This post is part one of a three-part series that originally appeared here in the Sales Management Association blog.
Recent research by Vantage Point and the Sales Management Association indicates that sales coaching is perceived by sales leaders to be the most important competency for sales manager training. And we agree! We believe strongly enough in this notion that we will devote a series of three blogs to discuss the issue. First, we’ll look at why sales coaching fails to occur and then define what good coaching looks like. We’ll also share our research on how high-performing managers get 30% more of their sellers to quota.
In our global study of over 1,000 sales managers, we found that 75% of sales managers had fewer than 49 percent of their salespeople on target. That’s a shattering statistic. The opportunity cost compared to their top-performing peers — approximately $3.5 million per manager — is hard to comprehend. In fact, the cost of a single bad sales manager is so outlandish that it’s no surprise that sales leaders turn to training to elevate their skills. And sales coaching is training priority number one.
Alas, though it is known to be vital to successful sales management, sales coaching is little understood. With a plethora of different models, methodologies, and training programs in the marketplace, it’s difficult to know which type of coach will ring the revenue bell. Perhaps that’s why evidence continues to mount that despite all this training effort, sales quota achievement continues to decline rather than improve.
To get a grip on the true nature of good sales coaching, we surveyed 515 sales managers to determine which coaching practices correlated with quota achievement. The dimensions we explored were the:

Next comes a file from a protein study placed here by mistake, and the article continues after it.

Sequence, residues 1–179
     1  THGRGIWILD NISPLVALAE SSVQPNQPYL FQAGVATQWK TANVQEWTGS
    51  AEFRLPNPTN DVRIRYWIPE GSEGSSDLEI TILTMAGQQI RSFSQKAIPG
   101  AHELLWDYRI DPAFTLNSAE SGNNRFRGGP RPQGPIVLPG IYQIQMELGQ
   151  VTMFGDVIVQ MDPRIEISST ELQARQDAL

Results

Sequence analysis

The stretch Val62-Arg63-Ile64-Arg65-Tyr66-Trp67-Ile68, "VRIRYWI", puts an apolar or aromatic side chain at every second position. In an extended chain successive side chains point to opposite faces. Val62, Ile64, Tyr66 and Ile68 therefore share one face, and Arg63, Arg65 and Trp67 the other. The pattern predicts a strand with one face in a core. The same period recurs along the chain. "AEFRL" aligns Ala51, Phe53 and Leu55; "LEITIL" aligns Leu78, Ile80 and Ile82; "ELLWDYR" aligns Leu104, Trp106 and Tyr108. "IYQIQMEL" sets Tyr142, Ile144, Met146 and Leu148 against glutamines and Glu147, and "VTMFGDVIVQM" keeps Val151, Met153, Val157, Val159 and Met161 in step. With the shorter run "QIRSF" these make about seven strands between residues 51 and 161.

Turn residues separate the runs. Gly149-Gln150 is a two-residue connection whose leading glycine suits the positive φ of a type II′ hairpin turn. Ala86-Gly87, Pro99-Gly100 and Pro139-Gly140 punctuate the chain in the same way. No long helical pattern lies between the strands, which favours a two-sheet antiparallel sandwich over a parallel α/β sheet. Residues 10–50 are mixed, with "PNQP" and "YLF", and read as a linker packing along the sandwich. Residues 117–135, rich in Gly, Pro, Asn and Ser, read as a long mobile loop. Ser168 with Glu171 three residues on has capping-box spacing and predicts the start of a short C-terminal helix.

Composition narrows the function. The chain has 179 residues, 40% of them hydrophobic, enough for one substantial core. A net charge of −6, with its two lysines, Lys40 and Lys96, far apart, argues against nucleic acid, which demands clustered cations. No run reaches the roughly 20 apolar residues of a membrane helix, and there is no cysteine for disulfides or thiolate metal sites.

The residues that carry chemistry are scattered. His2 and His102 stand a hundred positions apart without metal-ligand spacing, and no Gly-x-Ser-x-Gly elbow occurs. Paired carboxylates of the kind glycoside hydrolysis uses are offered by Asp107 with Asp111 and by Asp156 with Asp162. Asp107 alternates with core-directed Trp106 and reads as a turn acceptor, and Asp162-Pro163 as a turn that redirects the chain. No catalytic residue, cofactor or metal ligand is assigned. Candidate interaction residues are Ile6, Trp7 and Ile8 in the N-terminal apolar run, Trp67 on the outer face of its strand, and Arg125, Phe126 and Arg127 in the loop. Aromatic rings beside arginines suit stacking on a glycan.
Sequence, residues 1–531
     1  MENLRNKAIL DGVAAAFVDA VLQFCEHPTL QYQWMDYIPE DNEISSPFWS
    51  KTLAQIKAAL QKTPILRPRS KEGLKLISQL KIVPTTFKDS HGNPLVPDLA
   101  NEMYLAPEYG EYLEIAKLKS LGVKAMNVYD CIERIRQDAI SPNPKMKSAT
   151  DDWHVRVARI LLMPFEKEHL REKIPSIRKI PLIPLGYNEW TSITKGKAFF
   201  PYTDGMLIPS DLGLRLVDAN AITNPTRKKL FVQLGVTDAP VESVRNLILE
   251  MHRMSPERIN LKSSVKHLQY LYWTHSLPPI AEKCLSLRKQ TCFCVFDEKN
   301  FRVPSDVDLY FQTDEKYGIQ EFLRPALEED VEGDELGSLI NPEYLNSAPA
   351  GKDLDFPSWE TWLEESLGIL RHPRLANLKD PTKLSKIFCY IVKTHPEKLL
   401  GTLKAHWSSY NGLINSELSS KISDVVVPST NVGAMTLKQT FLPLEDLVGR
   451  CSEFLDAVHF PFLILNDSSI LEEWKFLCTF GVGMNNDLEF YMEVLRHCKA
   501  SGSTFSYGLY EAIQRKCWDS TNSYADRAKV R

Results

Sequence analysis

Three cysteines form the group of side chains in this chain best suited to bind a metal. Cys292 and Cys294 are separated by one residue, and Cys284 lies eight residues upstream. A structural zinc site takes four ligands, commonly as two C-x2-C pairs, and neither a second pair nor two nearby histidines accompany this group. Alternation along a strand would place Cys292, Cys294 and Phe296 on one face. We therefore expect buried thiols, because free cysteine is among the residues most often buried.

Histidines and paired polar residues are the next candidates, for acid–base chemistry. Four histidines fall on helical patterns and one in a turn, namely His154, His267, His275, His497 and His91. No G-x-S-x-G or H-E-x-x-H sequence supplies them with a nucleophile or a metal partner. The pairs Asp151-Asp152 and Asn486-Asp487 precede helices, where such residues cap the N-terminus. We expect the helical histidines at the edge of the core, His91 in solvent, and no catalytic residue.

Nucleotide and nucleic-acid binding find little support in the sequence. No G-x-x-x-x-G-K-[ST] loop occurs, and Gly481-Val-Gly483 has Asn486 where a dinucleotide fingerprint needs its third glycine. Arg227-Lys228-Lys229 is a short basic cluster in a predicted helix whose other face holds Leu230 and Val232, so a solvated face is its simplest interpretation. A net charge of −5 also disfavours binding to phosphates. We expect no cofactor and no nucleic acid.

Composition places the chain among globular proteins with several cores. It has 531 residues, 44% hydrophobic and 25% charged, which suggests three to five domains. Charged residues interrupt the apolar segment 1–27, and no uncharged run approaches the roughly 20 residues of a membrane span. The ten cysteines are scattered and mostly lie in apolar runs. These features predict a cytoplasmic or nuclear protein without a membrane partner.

The data provided a surprising conclusion: Although most managers could be considered to be well trained (having taken as many as four or five coaching trainings), they were not coaching their teams sufficiently. How could that be?
There seemed to be some clear-cut reasons for the lack of sales coaching. Here are the three most important ones.
1. Competing Demands
Sales managers are answerable to just about every department in their companies including leadership (forecasting and reporting), sales operations (CRM usage), sales enablement and human resources (sales rep assessments and development plans), and marketing (input for plans and campaigns). Ohio University researcher Dr. Adam Rapp estimates that managers spend about 32% of their time managing their sales teams and 68% on all these other demands. And we haven’t yet mentioned the needs of the sales team or customers.
2. Failed Generic Training
Managers often receive generic coaching training or leadership training that is well-meaning but irrelevant, and therefore is scarcely ever applied. If training neither relates to the realities of a sales manager’s day-to-day life nor equip sales managers to help their sellers improve… Guess what? It will fail on both fronts. Money down the drain.
3. Sales Methodology Training — Of Limited Value
Sales managers frequently receive training on specific sales methodologies, such as SPIN Selling, Strategic Selling, or the Challenger Sale. In fact, this is often a top priority. Unfortunately, our research shows that training in sales methodologies yields a meager 3.9% impact on performance. However, training on coaching methodologies has more than twice the impact on performance, at 9.2%. Think about that before you sign up for the latest and greatest version of sales methodology training.
Sales managers these days live in a form of Dante’s Inferno as they juggle the incessant demands on their limited time and endure well-meaning but ineffectual sales manager training. It should be no surprise that many fail to coach as a result.
In the next blog of this series, we’ll show you how to change some of these factors and help your managers boost their reps to quota.